Scars tell the story: We survived
Many years ago, I had a surgery that devastated my self-esteem. I was young and vibrant and owned a closet full of crop tops, hip huggers and belly button rings. College was good times. When I learned I needed a surgery that would “ruin” the figure I worked diligently to maintain, I was devastated. If that girl could see what three C-sections and 2 dozen years would do to her figure, she’d stop worrying about a little scar, but that’s the thing about hindsight, she couldn’t possibly know. It took years for me to see the scar objectively. That scar was proof I lived. I survived. And I was tougher than what had ahold of me.
In the years prior to the and following the surgery, I’d accumulated lots of scars no one saw. Being young can be like that. It wasn’t until I met my husband that I realized how much I hurt and because of that, how much I hid. I was a peppy paper doll without depth because to reveal myself was to reveal my pain and I wasn’t ready.
In a more recent moment of my very blessed and delightful life, I marveled at how much changed in the last decade. I have a life today I never dreamed of then. I didn’t know it existed to be honest. I wanted to somehow tell a girl hurting today that tomorrow will be different, even if you can’t see past five o’clock. Tomorrow will come and her pains will heal.
So, I waited out my family and sat up late into the night last summer writing the story of one girl who had the perfect life and a tragedy stripped it away. I took my time telling her story. I put her back together with gentle hands. I gave her a friend and a mom and a community to lift her up. But people are stubborn, and Emma chose to hide. She wasn’t ready.
And then she found her soul mate in the worn pages of an old journal.
Then man in the journal gave her excitement and purpose. Her soul connected to him and dropped dew on her quiet heart until it unfurled with new possibilities. She found a hero who understood her. Now, if only she knew who he was….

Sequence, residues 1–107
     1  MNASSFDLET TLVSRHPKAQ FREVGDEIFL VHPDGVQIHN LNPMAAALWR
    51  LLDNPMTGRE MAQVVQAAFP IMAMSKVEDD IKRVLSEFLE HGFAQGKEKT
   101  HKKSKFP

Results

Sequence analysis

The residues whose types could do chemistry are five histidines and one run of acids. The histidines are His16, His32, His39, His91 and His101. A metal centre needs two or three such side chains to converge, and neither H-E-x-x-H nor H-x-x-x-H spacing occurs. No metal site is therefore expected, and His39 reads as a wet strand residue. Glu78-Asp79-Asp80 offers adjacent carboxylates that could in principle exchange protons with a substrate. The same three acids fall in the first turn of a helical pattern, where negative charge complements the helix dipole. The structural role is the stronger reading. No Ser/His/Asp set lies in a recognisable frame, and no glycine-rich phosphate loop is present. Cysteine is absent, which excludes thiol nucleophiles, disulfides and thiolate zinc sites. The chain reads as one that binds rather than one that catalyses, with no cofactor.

Emma’s story is special to me because I think women are fragile in ways we don’t talk about. I think we all have our share of scars, figurative or literal, seen or unseen, and I think our scars are beautiful. We are who we are because we were tried, challenged and healed. We are stronger than we imagine. I hope someone reading Emma’s story will connect with her and lift their chin higher in understanding. We should never discount the things that changed our lives. It’s because of those trials we now have so much more to offer.
That’s a peek into my heart, I suppose. I hope if you’re in the mood for a sweet romantic read, you’ll consider a stop in Honey Creek. The sun’s warm. The sweet tea’s cold and romance abounds. Visiting Honey Creek is as easy as Amazon.
Excerpt from Written on Her Heart
When Mom pulled the door open, she nearly leapt into my arms. Tears already streamed from her eyes. It’d been two years since I’d been home, but not even secrets formed halfway around the world were safe from our small town. The moment I pulled my rental onto Route 22, I became fair game for gossip and ghost spotting. When a train lumbered along the only set of tracks and held me up for nearly five minutes, I watched a dozen bystanders take notice. First of the car they didn’t know, and then they dipped their heads for a look at the driver. The lady in front of me yanked her mirror to the side to check her face, and her chin dropped when our eyes met. By the time I lifted Mama into my arms, she’d received no less than four phone calls announcing my arrival. So much for surprises.
She looked smaller and more fragile than I remembered. Maybe after two years in a battle zone everything did. Her thin palms gripped my cheeks tight, and she kept saying, “Welcome home,” until my eyes filled to match hers. Tears streamed over the skin on her cheeks, and I never wanted to leave. The most important thing I could protect was right there in my hands.
Emma sniffled and wiped tears as she finished the passage for the third time. Her tears dropped onto the ink. She flung her body backward onto her bed and exhaled. The imagery astounded her. She knew firsthand how it was to arrive home. Every car in town must be inventoried somewhere. She shook her head, picturing the train. How awful to be held back by something as mundane as a train when you’re coming home from war to see your mother.
A gush of air filled her lungs, and she bolted upright.
“Oh my Lord in Heaven, he’s from Honey Creek!” She looked around for someone to dance with. Grabbing the journal in one hand, she skimmed the words again though she’d practically memorized them already. Route 22. One set of tracks. His journal sat under her willow. “Wheeeee!” She scooped a pillow off her bed and spun until the floor tilted.
He was from Honey Creek.
About Julie Anne Lindsey
I am a mother of three, wife to a sane person and Ring Master at the Lindsey Circus. Most days you'll find me online, amped up on caffeine & wielding a book. I write sweet romance for Honey Creek Books. I’m anticipating five release in 2013, including two YA titles and my debut cozy mystery from Carina Press. I can’t wait to see what’s next.
Julie Anne Lindsey.com
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